Body of US Airman Killed by Florida Deputy Being Flown Home by Air Force

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Body of US Airman Killed by Florida Deputy Being Flown Home by Air Force

The body of 23-year-old Senior US Airman Roger Fortson, who was fatally shot by a Florida sheriff’s deputy on May 3, will be returned to his family in Atlanta.

The Air Force is conducting a dignified transfer of Fortson’s body to his family and civil rights attorney Ben Crump at 4 p.m. Tuesday at the Hartsfield-Jackson Atlanta International Airport.

Fortson was shot six times by a Florida sheriff’s deputy who allegedly responded to the wrong apartment for a disturbance call, according to Crump.

The sheriff’s office had released a different narrative of how the shooting unfolded, stating an Okaloosa deputy responded in self-defense after he encountered a man armed with a gun.

Okaloosa Sheriff Eric Aden called Crump’s claims that the deputy entered the wrong apartment false.

US Airman Roger Fortson dead Ben Crump
US Airman Roger Fortson was shot and killed by a Florida deputy. Civil rights attorney Ben Crump is representing Fortson’s family and posted a photo on Instagram of the airman with his little sister who…

Instagram

How the deadly shooting unfolded

In the officer bodycam video released Thursday hours after the family hosted a press conference, the deputy is seen in the apartment complex on Racetrack Road asking, “What’s going on.”

He asked if a “fight is going on or something.” He meets with a woman who said fighting happens “frequently but this time it was sounding like it was getting out of hand.”

Someone had called her to complain.

When the officer asked what door, the woman said, “I’m not sure.” She later says apartment 1401 – which was Fortson’s apartment number.

Okaloosa Sheriff's Office
The Okaloosa Sheriff’s Office released bodycam footage from the May 3 officer-involved shooting that left US Airman Roger Fortson dead.

Okaloosa Sheriff’s Office

The officer knocks on the door, yells “Sheriff’s Office! Open the door!” and moves to the side. When Fortson opens the door, the deputy tells him to “step back” and immediately starts shooting and calling for Fortson to “drop the gun.”

As all of this is unfolding, Fortson was on Facetime with his girlfriend and alone in his off-base apartment, Crump said.

After a barrage of bullets, Fortson hits the ground and was eventually taken to a local hospital, where he died.

“In the four-and-a-half minute, heavily redacted video, it is very troubling that the deputy gave no verbal commands and shot multiple times within a split second of the door being opened, killing Roger,” Fortson’s family said in a statement. “Despite the redactions, the video has provided some answers, but it’s also raised even more troubling questions: As the officer didn’t tell Roger to drop the weapon before shooting, was the officer trained to give verbal warnings? Did the officer try to initiate life-saving measures? Was the officer trained to deal with law-abiding citizens who are registered gun owners?”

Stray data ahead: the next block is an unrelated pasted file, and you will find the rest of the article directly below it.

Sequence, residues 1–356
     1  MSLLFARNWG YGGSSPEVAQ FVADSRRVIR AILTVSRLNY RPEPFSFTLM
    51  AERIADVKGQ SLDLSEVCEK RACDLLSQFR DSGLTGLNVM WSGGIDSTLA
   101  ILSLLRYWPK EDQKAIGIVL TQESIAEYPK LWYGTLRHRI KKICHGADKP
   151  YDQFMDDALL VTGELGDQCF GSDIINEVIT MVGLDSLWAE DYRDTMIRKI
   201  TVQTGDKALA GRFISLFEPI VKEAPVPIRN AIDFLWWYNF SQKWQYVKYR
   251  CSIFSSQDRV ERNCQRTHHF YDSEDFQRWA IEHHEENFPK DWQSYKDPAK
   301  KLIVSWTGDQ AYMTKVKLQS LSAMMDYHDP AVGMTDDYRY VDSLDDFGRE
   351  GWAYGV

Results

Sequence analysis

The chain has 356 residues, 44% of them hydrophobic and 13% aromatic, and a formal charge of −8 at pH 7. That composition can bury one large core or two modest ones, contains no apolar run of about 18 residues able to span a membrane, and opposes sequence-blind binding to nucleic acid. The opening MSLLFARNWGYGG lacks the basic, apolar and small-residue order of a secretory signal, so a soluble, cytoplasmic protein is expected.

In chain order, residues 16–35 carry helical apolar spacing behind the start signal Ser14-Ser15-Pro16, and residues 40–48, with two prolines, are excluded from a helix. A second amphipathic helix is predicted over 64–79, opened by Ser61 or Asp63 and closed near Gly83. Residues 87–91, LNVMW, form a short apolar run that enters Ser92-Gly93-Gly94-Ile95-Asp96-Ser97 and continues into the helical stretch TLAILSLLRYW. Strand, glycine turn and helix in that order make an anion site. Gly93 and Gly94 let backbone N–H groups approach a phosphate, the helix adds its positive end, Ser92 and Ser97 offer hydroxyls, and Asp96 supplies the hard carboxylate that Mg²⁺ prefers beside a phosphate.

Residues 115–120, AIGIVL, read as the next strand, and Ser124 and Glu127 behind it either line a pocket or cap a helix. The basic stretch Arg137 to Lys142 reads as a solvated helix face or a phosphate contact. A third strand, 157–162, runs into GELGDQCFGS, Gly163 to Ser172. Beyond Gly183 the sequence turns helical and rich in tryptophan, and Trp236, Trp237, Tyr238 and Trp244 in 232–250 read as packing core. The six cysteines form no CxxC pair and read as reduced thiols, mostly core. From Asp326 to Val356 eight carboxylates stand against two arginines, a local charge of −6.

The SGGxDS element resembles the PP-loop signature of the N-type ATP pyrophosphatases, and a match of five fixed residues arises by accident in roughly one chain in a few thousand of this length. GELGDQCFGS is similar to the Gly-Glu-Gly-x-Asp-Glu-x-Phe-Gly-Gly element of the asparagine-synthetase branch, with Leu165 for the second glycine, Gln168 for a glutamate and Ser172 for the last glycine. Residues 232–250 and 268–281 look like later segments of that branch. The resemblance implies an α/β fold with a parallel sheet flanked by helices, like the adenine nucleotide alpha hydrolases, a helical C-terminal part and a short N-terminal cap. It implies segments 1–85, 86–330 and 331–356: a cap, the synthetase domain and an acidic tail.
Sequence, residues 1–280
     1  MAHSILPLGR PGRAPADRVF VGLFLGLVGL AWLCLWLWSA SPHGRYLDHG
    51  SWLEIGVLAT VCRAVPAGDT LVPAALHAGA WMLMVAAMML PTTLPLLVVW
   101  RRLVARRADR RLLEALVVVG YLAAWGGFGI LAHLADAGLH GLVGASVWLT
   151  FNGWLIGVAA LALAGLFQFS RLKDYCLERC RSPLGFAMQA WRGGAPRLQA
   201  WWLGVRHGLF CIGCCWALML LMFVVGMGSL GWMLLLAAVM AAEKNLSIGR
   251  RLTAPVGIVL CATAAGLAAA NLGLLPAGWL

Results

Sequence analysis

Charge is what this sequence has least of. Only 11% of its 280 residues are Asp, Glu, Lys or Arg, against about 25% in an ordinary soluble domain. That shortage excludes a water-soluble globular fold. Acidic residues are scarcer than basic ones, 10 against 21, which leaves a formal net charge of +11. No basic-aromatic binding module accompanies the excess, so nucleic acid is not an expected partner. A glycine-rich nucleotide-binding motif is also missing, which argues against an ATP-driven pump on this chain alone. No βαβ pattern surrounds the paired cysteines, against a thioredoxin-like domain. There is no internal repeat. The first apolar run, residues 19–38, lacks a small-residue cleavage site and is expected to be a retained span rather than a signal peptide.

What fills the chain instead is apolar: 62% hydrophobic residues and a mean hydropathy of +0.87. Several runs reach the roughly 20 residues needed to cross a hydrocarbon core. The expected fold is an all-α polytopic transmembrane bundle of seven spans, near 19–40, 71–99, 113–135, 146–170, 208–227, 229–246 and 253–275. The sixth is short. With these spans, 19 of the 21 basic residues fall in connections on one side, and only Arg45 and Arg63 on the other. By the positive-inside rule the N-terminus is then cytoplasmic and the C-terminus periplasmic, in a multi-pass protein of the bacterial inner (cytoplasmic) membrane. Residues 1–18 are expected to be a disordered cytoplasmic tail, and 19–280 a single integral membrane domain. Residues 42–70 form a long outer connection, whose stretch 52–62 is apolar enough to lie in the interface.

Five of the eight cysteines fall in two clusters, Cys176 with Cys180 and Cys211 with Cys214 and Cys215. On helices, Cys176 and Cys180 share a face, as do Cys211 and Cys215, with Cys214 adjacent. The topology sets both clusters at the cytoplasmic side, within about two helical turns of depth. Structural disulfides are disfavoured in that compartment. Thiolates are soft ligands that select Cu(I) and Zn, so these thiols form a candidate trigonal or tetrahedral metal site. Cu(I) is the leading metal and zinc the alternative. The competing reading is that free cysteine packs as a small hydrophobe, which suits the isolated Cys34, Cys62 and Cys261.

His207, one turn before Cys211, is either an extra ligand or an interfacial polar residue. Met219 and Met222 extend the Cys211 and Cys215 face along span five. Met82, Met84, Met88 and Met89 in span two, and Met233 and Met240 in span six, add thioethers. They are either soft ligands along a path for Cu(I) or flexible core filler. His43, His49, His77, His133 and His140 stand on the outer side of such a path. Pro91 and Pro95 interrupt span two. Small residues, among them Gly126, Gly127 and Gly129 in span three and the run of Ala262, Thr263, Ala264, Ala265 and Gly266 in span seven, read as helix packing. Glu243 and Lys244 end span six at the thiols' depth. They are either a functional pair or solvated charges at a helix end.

Aden said the Florida Department of Law Enforcement will handle the criminal investigation required. However, no determination has been made as to whether the deputy’s actions were justified or not.

The deputy was placed on paid administrative leave, “pending the outcome of a formal investigation and administrative review,” according to the Okaloosa County Sheriff’s Office.

The Florida Department of Law Enforcement has not released the deputy’s name to Newsweek yet.

Who is Roger Fortson?

Fortson was assigned to the 4th Special Operations Squadron at Hurlburt Field, Fla., according to the Air Force. He entered active duty on Nov. 19, 2019.

Dozens wrote heartfelt messages on the Hurburt Field’s Facebook post about Fortson describing him as a “phenomenal human” who “always had a smile on his face.” One of his instructors, U.S. Air Force Tech Sgt. Curtis Lassiter called him a “very bright young man,” who was “one of the best students to go through training.”

“Roger was a very humble and mellow guy,” said his cousin, Keon Johnson. “He was always happy and smiling.”

Tributes have appeared at Fortson’s former apartment door. The small shrine includes flowers, candles, combat boots, an American flag, and a long wooden plank anchored by two sets of aviator wings and words of prayers and remembrances for Fortson.

“Senior Airman Fortson, from your fellow aviator,” one message reads. “Keep on flying! You are in our thoughts and prayers.”

Uncommon Knowledge

Newsweek is committed to challenging conventional wisdom and finding connections in the search for common ground.

Newsweek is committed to challenging conventional wisdom and finding connections in the search for common ground.

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